Antonina Y Alexandrova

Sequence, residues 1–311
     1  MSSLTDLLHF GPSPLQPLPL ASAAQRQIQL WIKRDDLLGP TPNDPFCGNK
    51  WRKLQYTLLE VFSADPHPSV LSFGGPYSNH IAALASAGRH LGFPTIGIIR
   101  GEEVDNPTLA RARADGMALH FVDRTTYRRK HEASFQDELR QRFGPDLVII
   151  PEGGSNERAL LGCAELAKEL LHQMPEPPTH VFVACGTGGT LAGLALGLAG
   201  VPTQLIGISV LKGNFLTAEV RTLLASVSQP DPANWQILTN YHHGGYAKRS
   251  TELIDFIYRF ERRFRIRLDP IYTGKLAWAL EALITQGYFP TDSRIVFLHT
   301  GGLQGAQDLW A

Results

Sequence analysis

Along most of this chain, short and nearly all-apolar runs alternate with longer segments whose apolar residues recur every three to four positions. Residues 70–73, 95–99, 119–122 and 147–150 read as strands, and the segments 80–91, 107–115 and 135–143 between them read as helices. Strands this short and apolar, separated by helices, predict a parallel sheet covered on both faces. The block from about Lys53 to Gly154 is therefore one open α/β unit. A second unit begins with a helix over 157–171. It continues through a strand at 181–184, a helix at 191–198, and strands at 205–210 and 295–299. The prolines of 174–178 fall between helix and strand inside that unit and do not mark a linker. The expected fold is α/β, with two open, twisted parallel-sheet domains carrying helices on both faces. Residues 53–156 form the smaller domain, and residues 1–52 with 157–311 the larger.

Full Text Available Dynamic actin network at the leading edge of the cell is linked to the extracellular matrix through focal adhesions (FAs, and at the same time it undergoes retrograde flow with different dynamics in two distinct zones: the lamellipodium (peripheral zone of fast flow, and the lamellum (zone of slow flow located between the lamellipodium and the cell body. Cell migration involves expansion of both the lamellipodium and the lamellum, as well as formation of new FAs, but it is largely unknown how the position of the boundary between the two flow zones is defined, and how FAs and actin flow mutually influence each other. We investigated dynamic relationship between focal adhesions and the boundary between the two flow zones in spreading cells. Nascent FAs first appeared in the lamellipodium. Within seconds after the formation of new FAs, the rate of actin flow decreased locally, and the lamellipodium/lamellum boundary advanced towards the new FAs. Blocking fast actin flow with cytochalasin D resulted in rapid dissolution of nascent FAs. In the absence of FAs (spreading on poly-L-lysine-coated surfaces retrograde flow was uniform and the velocity transition was not observed. We conclude that formation of FAs depends on actin dynamics, and in its turn, affects the dynamics of actin flow by triggering transition from fast to slow flow. Extension of the cell edge thus proceeds through a cycle of lamellipodium protrusion, formation of new FAs, advance of the lamellum, and protrusion of the lamellipodium from the new base.